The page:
Some reflections back on the David Blaine phenomena.

Here are a few thoughts on David Blaine on the occasion of the 20th anniversary of his initial television special. This summer I am looking forward to catching David live at the Moody Theater here in Austin.

I was very skeptical about the potential merits of David Blaine when his first television special was being promoted. The fact that Spike Lee was being brought in to edit the promo did nothing to impress me. I did video tape the special though.In point of fact there wasn’t too much in his special that did impress me. However, after a few moments though I arrived at the conclusion that I wasn’t the intended demographic for the show. Not only was I the wrong age but even worse than that I was a magician. Ah, there is the rub. One thing I did realize instantly was that the special was a very cool concept and a definite breakthrough in television magic. It was a hip extension of what was then a relatively new concept ‘reality programming.’ A form of television I have resolutely hated since it appeared on the scene.

The lack of excitement I felt about the magic Blaine performed didn’t stop me from being highly intrigued by his persona and curiously low key approach to doing sensational things. It was like a correction in the market. I felt instinctively (and still do) that he had come up with something innovative and fresh that would do nothing but good for the image of magic. The impact that Blaine’s special had on his actual intended demographic audience was astounding though. It was what every non-magician wanted to talk about. He instantly became a topic of conversation across the country. While this didn’t totally surprise me I was amazed at how quickly he made his mark.

What did surprise me, however, was the way that the magic world not only failed to embrace him but moved in such a unified manner to denounce and express their disapproval of him. Maybe they just didn’t get the fact that his demographic didn’t include them. Maybe it was because he made many magicians, even some very prominent ones, look old fashioned and irrelevant. Even Billy McComb who seldom had an unkind word to say about anyone who performed magic used to describe Blaine as some sort of stunt man who had bought a copy of ‘The Royal Road To Card Magic.’

Possibly the major factor in the division between the magic world and Blaine’s true demographic was the fact that he dared to hint at something truly mysterious and possibly unexplainable in his feats and stunts. For a community that still finds it acceptable to use a magic wand when they need to conceal items during the ‘Cups and Balls’ I find this rather strange. What is our goal as magicians? It isn’t just to fool but to supply a sense of mystery. I know the standard enlightened response is to say; “We are supposed to entertain.” However there is a heck of a lot of magic being performed that not only doesn’t entertain but which only just manages to fool. No, I think there is truly a need to allow a little mystery into our art and we can’t leave it all to Jeff and Eugene.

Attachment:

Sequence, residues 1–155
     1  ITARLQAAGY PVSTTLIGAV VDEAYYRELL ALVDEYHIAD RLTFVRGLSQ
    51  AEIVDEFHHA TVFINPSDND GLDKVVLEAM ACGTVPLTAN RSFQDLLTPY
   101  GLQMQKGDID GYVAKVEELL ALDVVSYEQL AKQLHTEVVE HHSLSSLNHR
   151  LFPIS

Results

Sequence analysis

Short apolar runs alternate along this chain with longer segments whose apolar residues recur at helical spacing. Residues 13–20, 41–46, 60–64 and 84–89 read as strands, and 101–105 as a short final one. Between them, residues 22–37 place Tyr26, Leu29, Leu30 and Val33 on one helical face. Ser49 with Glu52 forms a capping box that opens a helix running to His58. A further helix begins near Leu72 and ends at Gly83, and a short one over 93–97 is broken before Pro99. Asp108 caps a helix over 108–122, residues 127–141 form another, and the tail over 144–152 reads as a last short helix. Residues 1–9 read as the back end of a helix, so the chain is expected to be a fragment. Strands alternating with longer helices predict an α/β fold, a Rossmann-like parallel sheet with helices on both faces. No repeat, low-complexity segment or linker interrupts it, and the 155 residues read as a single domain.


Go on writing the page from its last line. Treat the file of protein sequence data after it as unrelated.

If you don’t want to do it yourself then step aside and watch as someone else does. What we shouldn’t do is stand on the sidelines with a knowing smirk and say; “Of course, he’s a fake.” We are ALL fakes: that is the nature of what we do. Worst of all let’s not descend to dismissing something new because it excites the imagination of the non-magicianMagic can’t move forward by standing still. Let’s be happy when someone finds a way to create something new under the magical sun. All of the close up performers who now feature ‘Street Magic’ are moving into new territory due to David Blaine. Rather than look for negatives we should be trying to analyze the things he did that were right.

~ by Nick Lewin on May 20, 2017.

One Response to “Some reflections back on the David Blaine phenomena.”

  1. Thanks Nick for your Blaine reflections. What I always thought David Blaine excelled at was capturing his audiences’ over-the-top reactions. Blaine’s target demographic not only wants to believe in magic, but are influenced by his spectators’ exaggerated amazement. When asked what they thought of David Blaine’s magic, they remember and recollect his spectators’ over-the-top reactions which infuses their response…. “It was amazing!”

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